An unlicensed driver who killed a woman on Manhattan's Upper East Side earlier this year was handed a sentence of $500 last week.
On January 24, Laurence "Lulu" Renard, 35, a well-known fashion stylist originally from France, was crossing the street on the corner of 1st Avenue and 90th Street, when she was hit by a garbage truck. The truck was operated by Diego Tapia-Ulloa, 23, an unlicensed driver, who "came around the corner like a bat out of hell" according to a witness. Renard died at the scene and Tapia-Ulloa was taken in for aggravated unlicensed operation of a motor vehicle in the third degree.
Pedestrian safety advocates are up in arms over the $500 fine handed to Tapia-Ulloa. Renard's death, among others, was used earlier this year by local residents and officials to push for stronger enforcement of VTL 1146, a law that mandates minimum sentences for reckless driving like that of Tapia-Ulloa. Unfortunately, besides encountering the growing pains of a law's early implementation, the law has certain flaws. First, the DA's office can only apply it to repeat offenders. Second, its mandate for minimal sentences encourages light sentences, where heavier penalties are appropriate, such as in Tapia-Ulloa's case.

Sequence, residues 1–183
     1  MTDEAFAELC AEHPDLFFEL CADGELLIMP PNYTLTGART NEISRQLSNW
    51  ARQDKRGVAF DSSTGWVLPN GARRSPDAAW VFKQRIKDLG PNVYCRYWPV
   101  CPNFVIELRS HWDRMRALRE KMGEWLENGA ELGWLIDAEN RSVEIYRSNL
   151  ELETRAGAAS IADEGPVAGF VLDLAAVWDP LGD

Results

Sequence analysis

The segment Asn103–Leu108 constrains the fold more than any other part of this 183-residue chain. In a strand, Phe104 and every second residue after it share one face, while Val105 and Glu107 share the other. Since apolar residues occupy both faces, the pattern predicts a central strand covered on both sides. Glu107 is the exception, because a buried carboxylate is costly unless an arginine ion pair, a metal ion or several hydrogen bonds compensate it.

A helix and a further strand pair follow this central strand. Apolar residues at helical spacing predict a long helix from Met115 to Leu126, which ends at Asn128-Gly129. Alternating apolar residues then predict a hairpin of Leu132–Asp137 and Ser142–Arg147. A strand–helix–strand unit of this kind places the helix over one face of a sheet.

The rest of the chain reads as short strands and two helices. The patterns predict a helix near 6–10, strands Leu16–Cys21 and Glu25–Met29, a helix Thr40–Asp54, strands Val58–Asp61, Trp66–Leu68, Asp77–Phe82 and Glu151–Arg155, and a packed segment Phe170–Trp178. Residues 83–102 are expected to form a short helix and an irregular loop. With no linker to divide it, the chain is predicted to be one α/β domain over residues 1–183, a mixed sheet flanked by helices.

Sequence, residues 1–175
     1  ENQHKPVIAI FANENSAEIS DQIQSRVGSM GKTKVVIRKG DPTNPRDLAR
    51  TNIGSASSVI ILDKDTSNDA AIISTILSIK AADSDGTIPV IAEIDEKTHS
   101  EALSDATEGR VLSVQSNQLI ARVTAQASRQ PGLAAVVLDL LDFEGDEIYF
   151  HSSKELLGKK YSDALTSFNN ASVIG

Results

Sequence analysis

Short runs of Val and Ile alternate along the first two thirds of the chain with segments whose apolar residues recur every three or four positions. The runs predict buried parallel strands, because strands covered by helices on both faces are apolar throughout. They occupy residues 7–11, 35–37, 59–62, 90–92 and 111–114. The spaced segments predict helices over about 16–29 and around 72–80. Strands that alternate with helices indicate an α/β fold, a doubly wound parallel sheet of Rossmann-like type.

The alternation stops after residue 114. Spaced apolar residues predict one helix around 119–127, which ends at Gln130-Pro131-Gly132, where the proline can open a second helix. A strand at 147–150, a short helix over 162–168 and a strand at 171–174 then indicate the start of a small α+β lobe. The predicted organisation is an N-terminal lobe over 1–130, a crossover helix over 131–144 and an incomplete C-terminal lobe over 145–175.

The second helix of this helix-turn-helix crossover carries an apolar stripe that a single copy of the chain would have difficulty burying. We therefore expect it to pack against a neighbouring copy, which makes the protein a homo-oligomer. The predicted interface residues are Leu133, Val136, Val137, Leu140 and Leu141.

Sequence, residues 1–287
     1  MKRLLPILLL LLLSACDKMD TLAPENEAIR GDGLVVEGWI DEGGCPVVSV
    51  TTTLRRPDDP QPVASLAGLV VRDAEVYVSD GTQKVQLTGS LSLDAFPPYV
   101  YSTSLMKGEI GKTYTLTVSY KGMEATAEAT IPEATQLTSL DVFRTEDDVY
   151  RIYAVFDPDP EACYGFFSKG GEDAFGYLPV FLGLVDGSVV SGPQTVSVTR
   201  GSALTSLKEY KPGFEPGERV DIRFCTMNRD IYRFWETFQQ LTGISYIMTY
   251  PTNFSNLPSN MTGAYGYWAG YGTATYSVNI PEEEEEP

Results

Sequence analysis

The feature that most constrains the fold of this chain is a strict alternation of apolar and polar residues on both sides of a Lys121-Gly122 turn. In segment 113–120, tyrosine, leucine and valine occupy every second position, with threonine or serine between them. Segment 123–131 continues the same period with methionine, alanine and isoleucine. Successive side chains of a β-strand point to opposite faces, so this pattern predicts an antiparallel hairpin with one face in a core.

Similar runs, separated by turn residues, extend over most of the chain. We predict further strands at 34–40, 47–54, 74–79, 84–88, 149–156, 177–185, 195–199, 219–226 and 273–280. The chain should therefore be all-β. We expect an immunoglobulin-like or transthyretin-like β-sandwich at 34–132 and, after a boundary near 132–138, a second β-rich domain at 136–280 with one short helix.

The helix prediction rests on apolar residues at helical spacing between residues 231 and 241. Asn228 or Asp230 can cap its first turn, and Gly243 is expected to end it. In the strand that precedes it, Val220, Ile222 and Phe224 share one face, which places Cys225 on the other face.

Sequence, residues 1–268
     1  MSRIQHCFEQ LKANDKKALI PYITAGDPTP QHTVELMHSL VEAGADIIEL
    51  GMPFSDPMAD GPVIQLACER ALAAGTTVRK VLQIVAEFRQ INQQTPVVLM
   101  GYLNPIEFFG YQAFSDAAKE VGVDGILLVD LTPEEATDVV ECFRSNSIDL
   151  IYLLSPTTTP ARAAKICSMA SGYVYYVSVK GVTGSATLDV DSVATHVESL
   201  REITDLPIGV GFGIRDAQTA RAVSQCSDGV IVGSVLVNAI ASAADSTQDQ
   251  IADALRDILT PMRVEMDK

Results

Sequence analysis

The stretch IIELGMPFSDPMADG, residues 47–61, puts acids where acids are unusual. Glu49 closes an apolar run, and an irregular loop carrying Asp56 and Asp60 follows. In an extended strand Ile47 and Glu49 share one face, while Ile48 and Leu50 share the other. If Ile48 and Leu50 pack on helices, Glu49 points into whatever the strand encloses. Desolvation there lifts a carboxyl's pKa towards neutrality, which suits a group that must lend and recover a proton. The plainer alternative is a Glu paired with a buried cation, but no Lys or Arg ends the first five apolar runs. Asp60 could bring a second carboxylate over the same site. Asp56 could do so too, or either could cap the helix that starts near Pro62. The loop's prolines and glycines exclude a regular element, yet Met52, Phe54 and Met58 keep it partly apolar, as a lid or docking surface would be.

Furthermore, pedestrian safety advocates are pointing to this tragedy to call for quicker implementation of recent legislation that requires New York police to disclose traffic crash information to the public. Until such information is fully released, advocates point out, there is little chance that the public will be able to know whether justice has been served in cases like Ms. Renard's.
Although this criminal fine may be insignificant, it only applies to the criminal charge. It says nothing of any civil lawsuit that is sure to arise from this accident. In a wrongful death lawsuit in New York, there are different types of compensation that her family can try and recover.
The most well-known is (1) Pain & Suffering. That is for her pain that she experienced from the time of the accident until she died. It is unclear from the report how long she remained alive before she died.Then, there is (2) "Pecuniary Loss." This is the financial loss to her family as a result of her death. The well-known 35-year-old was, in all likelihood, earning a good living. This can be a substantial portion of damages. (3) Medical and funeral expenses, (4) future lost earnings, (5) loss of a spouse, if she was married and (6) loss of a parent, if she had children.
If you would like more information about how wrongful death and accident cases work in the state of New York, I encourage you to explore my educational website http://www.oginski-law.com. If you have legal questions, I urge you to pick up the phone and call me at 516-487-8207 or by e-mail at [email protected] to answer your questions. That's what I do every day. I welcome your call.